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Education

Chapter 11: Genome-Wide Association Studies

  • William S. Bush mail,

    william.s.bush@vanderbilt.edu

    Affiliation: Department of Biomedical Informatics, Center for Human Genetics Research, Vanderbilt University Medical School, Nashville, Tennessee, United States of America

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  • Jason H. Moore

    Affiliation: Departments of Genetics and Community Family Medicine, Institute for Quantitative Biomedical Sciences, Dartmouth Medical School, Lebanon, New Hampshire, United States of America

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Reader Comments (2)

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minor allele frequency example is incorrect

Posted by sfyoung on 14 May 2013 at 18:08 GMT

The second paragraph in section 2.1 claims that "a SNP with a minor allele (G) frequency of 0.40 implies that 40% of a population has the G allele versus the more common allele (the major allele), which is found in 60% of the population." That is incorrect unless referring to a haploid population. For a locus that is in Hardy-Weinberg Equilibrium in a diploid population, an allele that is at a frequency of 0.4 will be present in 64% of the population [1 - (1 - 0.4) ^2] and absent in 36% of the population [(1 - 0.4) ^2]. The correct statement would be that a SNP with a minor allele frequency of 0.40 implies that 40% of the alleles in the population are the minor allele.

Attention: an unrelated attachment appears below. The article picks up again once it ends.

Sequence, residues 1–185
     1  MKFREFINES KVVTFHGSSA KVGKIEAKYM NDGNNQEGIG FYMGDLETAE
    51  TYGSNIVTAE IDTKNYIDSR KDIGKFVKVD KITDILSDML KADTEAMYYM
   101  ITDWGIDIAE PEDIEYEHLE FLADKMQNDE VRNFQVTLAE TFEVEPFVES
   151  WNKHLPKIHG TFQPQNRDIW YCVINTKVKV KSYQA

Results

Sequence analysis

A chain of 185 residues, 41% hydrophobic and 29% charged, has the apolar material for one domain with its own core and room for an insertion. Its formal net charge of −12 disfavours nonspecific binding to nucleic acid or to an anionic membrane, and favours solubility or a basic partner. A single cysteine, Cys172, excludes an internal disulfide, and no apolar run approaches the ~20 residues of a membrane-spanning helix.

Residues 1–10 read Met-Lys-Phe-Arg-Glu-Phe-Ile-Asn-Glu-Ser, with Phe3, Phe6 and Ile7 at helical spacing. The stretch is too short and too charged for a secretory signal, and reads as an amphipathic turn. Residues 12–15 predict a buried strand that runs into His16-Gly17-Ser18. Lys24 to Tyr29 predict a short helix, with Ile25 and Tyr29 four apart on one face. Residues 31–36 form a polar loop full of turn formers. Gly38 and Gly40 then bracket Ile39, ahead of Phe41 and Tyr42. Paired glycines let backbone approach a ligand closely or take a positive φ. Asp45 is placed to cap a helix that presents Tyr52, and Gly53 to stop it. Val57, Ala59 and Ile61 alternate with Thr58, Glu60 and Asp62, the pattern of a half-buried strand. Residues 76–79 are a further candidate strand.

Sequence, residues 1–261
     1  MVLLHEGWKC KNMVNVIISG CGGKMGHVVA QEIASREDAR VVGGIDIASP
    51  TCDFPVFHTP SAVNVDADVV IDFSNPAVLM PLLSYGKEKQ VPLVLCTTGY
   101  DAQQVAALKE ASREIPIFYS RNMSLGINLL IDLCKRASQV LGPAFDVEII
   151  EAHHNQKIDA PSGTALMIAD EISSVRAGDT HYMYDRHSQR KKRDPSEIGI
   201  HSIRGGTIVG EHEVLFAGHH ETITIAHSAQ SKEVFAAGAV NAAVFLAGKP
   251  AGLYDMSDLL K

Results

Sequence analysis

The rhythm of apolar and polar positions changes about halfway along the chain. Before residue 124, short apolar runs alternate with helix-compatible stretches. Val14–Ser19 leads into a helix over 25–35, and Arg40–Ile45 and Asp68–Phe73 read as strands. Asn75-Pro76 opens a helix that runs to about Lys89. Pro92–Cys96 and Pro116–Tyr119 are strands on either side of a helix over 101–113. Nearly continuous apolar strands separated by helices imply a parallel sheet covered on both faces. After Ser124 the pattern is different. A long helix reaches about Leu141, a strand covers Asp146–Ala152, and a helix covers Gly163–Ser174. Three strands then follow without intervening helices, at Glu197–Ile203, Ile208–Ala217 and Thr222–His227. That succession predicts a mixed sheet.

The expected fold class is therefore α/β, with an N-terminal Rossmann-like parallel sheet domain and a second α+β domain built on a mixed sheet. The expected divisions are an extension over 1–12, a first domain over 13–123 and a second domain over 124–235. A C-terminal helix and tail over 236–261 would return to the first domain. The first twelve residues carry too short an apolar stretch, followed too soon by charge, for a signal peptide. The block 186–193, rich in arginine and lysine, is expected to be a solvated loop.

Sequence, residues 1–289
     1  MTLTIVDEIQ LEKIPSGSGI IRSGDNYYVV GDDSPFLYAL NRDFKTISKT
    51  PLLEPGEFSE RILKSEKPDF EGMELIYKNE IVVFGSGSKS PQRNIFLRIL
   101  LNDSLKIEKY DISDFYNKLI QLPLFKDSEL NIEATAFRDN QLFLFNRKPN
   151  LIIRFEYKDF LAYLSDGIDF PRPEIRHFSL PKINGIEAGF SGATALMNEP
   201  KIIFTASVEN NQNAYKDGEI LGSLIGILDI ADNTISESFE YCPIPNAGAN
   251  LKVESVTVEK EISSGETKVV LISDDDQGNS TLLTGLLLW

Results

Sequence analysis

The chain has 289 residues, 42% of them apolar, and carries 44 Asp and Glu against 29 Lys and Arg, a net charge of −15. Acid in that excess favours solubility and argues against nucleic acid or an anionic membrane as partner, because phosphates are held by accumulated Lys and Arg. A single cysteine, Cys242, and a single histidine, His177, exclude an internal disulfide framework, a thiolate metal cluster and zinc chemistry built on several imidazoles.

The error is repeated in the second paragraph of section 2.3,
"For example, if a SNP with 40% frequency in the population causes a highly deleterious amino acid substitution that directly leads to a disease phenotype, nearly 40% of the population would have that phenotype." Actually, if the SNP causes a deleterious amino acid substitution, then about 64% of the population would have at least one copy of the deleterious amino acid.

Otherwise, I liked the article.

No competing interests declared.